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    Southeast Asia
     Dec 23, 2006
Page 1 of 3
ASIA HAND
US, China square off
By Shawn W Crispin

BANGKOK - Of all the factors that contributed to Thailand's mid-December decision to impose restrictive controls on short-term capital flows, which subsequently flattened the stock market and sparked howls of discontent from foreign investors, Thai authorities' primary motivation for the fateful policy was left unnamed, but clearly it was China rather than the US.

The rapid appreciation of the free-floating Thai baht against the fixed-rate Chinese yuan rather than the US dollar had in recent



months severely eroded Thailand's overall export competitiveness, particularly in the crucial electronics sector, which accounts for about 35% of Thai exports. If the baht-yuan gap had widened further, Thai central bank authorities feared that a stronger baht would have bankrupted its exporters and severely crimped economic growth.

It's not the first time that China's rigid exchange-rate policy has sent ripples of financial instability through Southeast Asia. In retrospect, some economists believe that Beijing's decision in 1994 to peg the yuan to the US dollar at the artificially low rate of 8.2 per greenback was a crucial determining factor in the 1997-98 Asian financial crisis, which devastated the region's currencies, bourses, banks and broad economies.

The move to a pegged rate facilitated China's emergence as a global economic powerhouse, in many respects at the expense of Southeast Asia's financially crippled export-driven economies. Then, Beijing extended a symbolic US$1 billion to the region's suddenly debt-ridden governments. Since, Beijing has launched an economic charm offensive across the region, facilitating trade and investment linkages for regional countries to share in the Middle Kingdom's explosive growth.

China has firmly emerged as an important new destination for the region's natural-resource exports, a supplier of cheap goods and services and, increasingly, a source of badly needed foreign direct investment. Southeast Asia's growing economic reorientation toward China is expected to accelerate into 2007, as the United States' appetite for the region's exports tapers off because of slowing economic growth.

Geographical pull means Southeast Asia will increasingly look toward its giant northern neighbor for new trade and investment opportunities, a trend that should accelerate as regional business seeks ways to make up for lost sales to the US. That's already happening: Sino-Southeast Asia trade surged to $130 billion in 2005 and is on pace to grow even faster this year. The two sides are now negotiating a free-trade agreement that would potentially form the world's largest free-trade area in the world by 2010.

Double-edged sword
But China's economic advance into Southeast Asia has not been a strictly benign phenomenon, as frequently characterized by Chinese officials upon the announcement of "mutually beneficial" trade, investment and aid pacts. Thailand's recent drastic reaction to China's pegged exchange rate tells a significantly different story, one that threatens to undermine the region's broad post-1997 trend toward more financial openness, particularly in export-oriented economies in Malaysia, Indonesia and the Philippines that, like Thailand, are seeing their exports squeezed by an appreciating exchange rate vis-a-vis the Chinese yuan.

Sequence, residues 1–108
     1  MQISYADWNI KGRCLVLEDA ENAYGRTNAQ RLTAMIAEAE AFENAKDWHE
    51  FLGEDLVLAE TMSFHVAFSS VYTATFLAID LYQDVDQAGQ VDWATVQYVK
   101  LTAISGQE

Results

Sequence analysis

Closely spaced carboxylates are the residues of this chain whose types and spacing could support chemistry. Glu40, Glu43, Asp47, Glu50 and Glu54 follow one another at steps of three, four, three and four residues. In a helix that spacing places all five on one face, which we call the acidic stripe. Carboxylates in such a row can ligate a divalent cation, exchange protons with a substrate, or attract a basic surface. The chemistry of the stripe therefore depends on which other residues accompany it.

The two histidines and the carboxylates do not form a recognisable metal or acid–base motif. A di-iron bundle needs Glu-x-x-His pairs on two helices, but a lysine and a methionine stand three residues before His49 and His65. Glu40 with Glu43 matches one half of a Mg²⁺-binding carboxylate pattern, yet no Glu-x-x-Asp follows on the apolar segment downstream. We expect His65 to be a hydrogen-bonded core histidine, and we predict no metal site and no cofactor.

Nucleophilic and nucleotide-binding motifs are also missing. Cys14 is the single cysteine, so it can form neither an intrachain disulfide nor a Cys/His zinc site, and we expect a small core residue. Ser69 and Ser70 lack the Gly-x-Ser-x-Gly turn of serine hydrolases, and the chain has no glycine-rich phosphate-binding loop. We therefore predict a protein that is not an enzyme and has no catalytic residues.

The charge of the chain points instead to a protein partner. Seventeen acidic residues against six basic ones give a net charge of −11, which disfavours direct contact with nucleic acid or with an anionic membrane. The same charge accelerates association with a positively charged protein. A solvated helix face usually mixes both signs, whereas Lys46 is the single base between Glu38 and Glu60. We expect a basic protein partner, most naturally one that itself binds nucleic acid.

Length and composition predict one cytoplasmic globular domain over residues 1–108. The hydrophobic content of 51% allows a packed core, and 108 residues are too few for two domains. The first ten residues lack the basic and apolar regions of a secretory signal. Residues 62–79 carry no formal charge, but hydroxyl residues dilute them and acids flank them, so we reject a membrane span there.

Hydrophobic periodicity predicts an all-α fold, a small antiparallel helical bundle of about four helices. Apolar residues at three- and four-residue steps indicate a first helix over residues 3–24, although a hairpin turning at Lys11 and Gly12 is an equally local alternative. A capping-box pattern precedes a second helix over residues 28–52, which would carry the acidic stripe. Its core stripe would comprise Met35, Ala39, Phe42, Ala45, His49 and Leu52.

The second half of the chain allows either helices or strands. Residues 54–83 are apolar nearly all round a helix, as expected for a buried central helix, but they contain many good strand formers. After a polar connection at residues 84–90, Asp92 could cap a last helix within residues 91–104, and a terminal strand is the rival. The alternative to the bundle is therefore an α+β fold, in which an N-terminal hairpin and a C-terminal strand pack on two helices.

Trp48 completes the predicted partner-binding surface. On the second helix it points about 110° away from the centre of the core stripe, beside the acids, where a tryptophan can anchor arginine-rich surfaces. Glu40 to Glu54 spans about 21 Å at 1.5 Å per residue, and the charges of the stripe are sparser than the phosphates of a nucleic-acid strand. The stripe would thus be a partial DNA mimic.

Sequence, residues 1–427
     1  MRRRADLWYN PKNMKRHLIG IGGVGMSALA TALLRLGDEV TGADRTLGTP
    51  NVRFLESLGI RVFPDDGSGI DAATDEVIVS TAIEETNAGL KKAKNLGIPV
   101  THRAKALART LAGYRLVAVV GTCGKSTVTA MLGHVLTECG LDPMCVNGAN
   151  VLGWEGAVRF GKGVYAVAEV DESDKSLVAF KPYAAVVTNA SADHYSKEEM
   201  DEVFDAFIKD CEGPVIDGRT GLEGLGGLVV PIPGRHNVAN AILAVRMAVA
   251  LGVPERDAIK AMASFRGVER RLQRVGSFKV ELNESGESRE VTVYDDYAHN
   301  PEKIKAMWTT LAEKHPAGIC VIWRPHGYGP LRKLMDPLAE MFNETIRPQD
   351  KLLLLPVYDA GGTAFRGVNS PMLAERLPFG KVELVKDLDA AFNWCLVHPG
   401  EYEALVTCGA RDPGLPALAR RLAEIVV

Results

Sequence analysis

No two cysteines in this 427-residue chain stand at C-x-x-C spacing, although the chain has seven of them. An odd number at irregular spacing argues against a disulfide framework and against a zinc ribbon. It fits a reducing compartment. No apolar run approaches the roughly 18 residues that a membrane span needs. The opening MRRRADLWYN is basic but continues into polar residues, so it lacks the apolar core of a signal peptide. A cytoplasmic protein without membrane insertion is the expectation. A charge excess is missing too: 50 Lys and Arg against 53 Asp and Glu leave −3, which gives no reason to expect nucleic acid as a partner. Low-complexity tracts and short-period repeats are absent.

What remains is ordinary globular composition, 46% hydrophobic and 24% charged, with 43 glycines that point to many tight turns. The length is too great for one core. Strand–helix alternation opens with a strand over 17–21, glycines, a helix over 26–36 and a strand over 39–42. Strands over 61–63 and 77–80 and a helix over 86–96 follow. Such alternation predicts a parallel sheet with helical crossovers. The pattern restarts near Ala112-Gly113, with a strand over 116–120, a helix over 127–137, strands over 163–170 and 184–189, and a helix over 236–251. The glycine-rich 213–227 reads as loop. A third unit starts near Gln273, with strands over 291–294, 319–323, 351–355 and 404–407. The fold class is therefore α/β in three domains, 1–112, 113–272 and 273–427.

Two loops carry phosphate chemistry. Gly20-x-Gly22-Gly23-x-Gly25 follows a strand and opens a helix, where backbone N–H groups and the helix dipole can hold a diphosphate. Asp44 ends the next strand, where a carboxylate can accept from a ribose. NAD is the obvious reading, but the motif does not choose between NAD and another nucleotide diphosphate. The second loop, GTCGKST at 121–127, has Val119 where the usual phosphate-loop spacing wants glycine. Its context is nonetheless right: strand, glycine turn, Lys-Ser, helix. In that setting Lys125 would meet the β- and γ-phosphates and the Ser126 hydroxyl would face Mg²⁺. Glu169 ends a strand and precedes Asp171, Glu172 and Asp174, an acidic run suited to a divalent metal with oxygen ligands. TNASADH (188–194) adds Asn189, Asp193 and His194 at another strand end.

Moreover, Chinese aid and investment, while stimulating much-needed economic growth, has also helped to prop up some of the region's more authoritarian regimes, including those in Myanmar, Cambodia and Laos. With China's rise, Southeast Asian governments are increasingly able to pick and choose between economic engagement with either the US or China, and many are opting to open their economies to Beijing because Chinese capital comes without the political baggage of US finger-wagging about the need to move towards more democracy and universal economic openness.

China's fast rise and the United States' slow fade from Southeast Asia is unmistakably undermining the region's often tumultuous but at the same time highly important experiments with democracy, economic openness and financial liberalism. This represents a significant course shift, one that threatens to undermine the region's once bold, now fading, democratic aspirations.

During the Cold War, when the US, Europe and Japan fueled the region's rapid economic growth through free trade and manufacturing-oriented investments, the economic privileges were often predicated on a loose understanding that recipient countries would move toward more liberal democracy and economic openness - a policy that in retrospect worked to varying degrees of success.

When the 1997-98 Asian financial crisis broke out, the US-influenced International Monetary Fund predicated its multibillion-dollar bailout packages on a commitment to more, not less, economic and financial openness. That strings-attached counsel included the abandonment of the region's fixed-exchange-rate regimes for free-floating ones, and the subsequent market-driven devaluations helped to spark the region's exports and economic recoveries.

At the same time, Washington often scolded and in some egregious cases even imposed sanctions on Southeast Asian countries for their poor rights records, including an arms embargo 

Continued 1 2


Cambodia feels China's hard edge (Dec 8, '06)

Asia searches for security in trade (Nov 16, '06)

Myanmar shakes Western noose (Nov 3, '06)

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